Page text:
When the congregation heard the gunshots, the cantor urged the 50 or 60 people to run to the upstairs apartment and lie down on the floor until the threat passed.

Outside the synagogue, the terrorist shot and killed Jana Lange, and then drove two blocks down Schillerstrasse to the Kiez Döner Bistro and killed a 20-year-old named Kevin.

In the minutes after the shooting, the police informed the community that they would have to stay put in the building, as the city was on shut-down while the terrorist was still at large. The community embraced this reality; after all, on this holy day where would they be other than in synagogue? They continued the service from the point where they had been interrupted, and on that Yom Kippur the Jewish community of Halle said every word and sang every song in the prayer book. 

I asked Halle Jewish community members if this event made them reconsider their future in Germany. They seemed unified in the understanding that anti-Semitism is not only a German reality, but a global problem; and it is not limited to one ideological approach or to one end of the political spectrum.

“We will be at risk of anti-Semitic attacks no matter where we go, and our faith is the only thing that will protect us,” an elderly man said, as he pointed at the thin wooden door that somehow kept out a bloodthirsty terrorist. He is certain that nothing short of a divine miracle protected him and his friends.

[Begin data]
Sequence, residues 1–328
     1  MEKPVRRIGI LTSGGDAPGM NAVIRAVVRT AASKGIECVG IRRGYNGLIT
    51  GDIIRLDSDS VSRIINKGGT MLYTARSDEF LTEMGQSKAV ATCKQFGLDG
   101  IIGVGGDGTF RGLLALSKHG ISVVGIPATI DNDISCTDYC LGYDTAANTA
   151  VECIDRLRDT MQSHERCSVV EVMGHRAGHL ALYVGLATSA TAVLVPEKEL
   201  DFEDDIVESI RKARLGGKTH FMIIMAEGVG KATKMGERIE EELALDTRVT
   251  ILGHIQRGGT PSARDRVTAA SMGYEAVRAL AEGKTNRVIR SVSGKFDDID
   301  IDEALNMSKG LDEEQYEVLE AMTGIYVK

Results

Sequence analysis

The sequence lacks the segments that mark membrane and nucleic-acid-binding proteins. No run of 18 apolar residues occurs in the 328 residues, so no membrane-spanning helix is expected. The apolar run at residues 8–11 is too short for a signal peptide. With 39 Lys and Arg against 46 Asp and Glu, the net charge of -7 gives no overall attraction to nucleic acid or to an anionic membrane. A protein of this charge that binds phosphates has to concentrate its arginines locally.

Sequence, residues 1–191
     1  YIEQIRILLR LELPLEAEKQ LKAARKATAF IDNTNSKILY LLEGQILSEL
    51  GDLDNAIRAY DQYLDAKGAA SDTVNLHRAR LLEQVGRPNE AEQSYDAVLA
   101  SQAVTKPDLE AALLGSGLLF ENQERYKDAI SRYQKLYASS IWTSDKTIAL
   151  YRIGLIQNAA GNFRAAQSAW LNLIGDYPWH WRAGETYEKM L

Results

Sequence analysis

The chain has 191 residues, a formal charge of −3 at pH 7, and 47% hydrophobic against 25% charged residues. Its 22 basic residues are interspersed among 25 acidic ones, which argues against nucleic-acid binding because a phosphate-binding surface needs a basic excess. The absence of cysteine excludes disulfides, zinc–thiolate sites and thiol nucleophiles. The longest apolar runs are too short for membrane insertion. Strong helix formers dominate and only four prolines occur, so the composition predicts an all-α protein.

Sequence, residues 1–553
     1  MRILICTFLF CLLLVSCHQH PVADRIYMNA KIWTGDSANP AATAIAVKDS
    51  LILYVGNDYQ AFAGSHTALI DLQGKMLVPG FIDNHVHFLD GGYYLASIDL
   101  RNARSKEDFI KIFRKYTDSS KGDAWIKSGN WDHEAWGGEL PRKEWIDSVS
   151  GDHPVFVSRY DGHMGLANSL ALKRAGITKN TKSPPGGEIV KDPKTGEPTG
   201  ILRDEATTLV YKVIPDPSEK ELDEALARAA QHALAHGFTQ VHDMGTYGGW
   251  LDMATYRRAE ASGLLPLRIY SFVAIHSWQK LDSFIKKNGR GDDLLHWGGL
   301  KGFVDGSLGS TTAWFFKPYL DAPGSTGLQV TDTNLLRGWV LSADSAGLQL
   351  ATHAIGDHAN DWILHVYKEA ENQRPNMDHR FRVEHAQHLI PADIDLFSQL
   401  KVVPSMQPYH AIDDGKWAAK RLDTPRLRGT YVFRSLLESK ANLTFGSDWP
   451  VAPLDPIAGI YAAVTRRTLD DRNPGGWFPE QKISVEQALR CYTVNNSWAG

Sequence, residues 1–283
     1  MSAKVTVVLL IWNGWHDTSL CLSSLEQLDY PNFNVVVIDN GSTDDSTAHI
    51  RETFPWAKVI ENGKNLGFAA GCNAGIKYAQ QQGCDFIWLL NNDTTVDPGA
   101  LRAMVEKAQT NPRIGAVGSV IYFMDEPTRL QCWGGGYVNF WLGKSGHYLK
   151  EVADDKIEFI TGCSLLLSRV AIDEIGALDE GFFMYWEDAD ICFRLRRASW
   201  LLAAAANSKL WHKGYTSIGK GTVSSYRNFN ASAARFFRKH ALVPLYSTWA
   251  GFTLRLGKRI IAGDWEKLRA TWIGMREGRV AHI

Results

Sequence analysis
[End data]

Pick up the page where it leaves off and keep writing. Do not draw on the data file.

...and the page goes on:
My Shabbat in Halle reminded me that hope triumphs over hate. There is no bitterness in the voices of the local Jews; while there is resignation to a lifetime’s experience of being targets of irrational hate, there remains a resolve to be strong and true to their faith. They embrace the solidarity that surrounds them; a solidarity from the local non-Jewish citizens of Halle, a solidarity that would have been bitterly foreign to previous generations of German Jews. I was moved to see the owner of Kiez bistro and survivors from the synagogue share tears and an embrace. I was honoured to lead a pre-Shabbat candle-lighting ceremony for more than 2,000 people who keeping vigil outside the synagogue. At that ceremony, I explained that, in Jewish tradition, candles serve a dual function: we light in memory of the dead, and we light in hopeful prayer that our families be blessed with peace.

Every Jewish community in the world ranks security as a top concern, including ours in Montreal. Millions of dollars will be spent in an effort to avoid, or at least minimize, the damage of the next attack. More and more, communities turn to government funding for these security measures; staying alive, after all, shouldn’t be a luxury reserved for wealthy communities.

As a Jew in Canada, I — and many others — live a paradox familiar to the historical Jewish experience. I deeply appreciate the freedoms and blessings of living in this society, while at the same time urgently feel the expanding reach of anti-Semitism. As the Jews of Halle taught me, one can be at the same time wary and hopeful. 

Adam Scheier is rabbi of Congregation Shaar Hashomayim in Westmount.